Hydra is a DIFFERENT Greek island. Actually, you could say this about all the islands, each has it’s own unique personality, but Hydra really is different. The main difference being that only 1900 people live here. Second, no vehicles with internal combustion engines are allowed on the island making it an incredibly quiet oasis. Outside the port area it’s actually pretty wild and transportation is definitely two-legged or four-legged.
It has long been a haven for writers and artists and green-peace types who make the island their second home. Henry Miller, in his novel The Colossus of Maroussi wrote about Hydra, and is, even today, revered by the locals. Even today with the influx of of art stars and yachting billionaires, its unspoiled charm remains intact. Miller wrote: ” Hydra rises out of the sea like a huge loaf of petrified bread…”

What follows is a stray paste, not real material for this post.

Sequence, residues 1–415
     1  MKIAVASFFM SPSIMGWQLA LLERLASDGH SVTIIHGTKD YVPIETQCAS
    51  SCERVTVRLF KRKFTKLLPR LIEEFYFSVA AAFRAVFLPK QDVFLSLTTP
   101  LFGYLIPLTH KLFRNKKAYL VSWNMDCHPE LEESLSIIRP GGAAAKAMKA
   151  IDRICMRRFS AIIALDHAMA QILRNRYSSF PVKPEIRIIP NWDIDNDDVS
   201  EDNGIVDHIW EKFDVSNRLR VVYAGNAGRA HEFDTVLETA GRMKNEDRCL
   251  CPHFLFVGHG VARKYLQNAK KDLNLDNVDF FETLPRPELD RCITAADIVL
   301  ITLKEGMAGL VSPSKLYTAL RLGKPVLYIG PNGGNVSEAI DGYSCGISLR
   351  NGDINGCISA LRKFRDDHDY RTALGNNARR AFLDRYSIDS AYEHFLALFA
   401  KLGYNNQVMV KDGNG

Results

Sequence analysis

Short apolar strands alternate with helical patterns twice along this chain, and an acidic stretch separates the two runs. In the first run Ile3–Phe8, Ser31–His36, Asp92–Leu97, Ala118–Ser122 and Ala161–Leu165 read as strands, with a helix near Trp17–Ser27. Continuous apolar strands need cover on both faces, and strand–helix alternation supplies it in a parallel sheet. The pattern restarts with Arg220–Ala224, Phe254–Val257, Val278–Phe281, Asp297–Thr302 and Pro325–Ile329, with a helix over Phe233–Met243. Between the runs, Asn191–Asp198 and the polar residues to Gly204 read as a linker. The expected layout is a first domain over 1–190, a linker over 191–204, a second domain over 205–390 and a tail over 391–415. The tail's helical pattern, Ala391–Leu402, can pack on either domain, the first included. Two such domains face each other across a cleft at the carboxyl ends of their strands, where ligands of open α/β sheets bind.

Hydra is best described as being an intimate place but there is still something monastic and intensely private about it. You can wander around the harbor and sit at the Pirate Bar, drink Ouzo and watch the grizzled fishermen and ogle the international crowd stepping off their mega-yachts as if in an alternate reality or a parallel universe. Sunset fills the evening with large, well-heeled British, French and Italian families who are probably not even aware of the writers and artists who preceded them in this amazing little place.
The lack of noise and motorized vehicles makes one intensely aware of the slightest little sounds that many of us “civilized” city dwellers have forgotten, cocks crowing, dogs barking, creaking ropes from the moored boats in the harbor and even the luxury of a low-toned private conversation with a friend.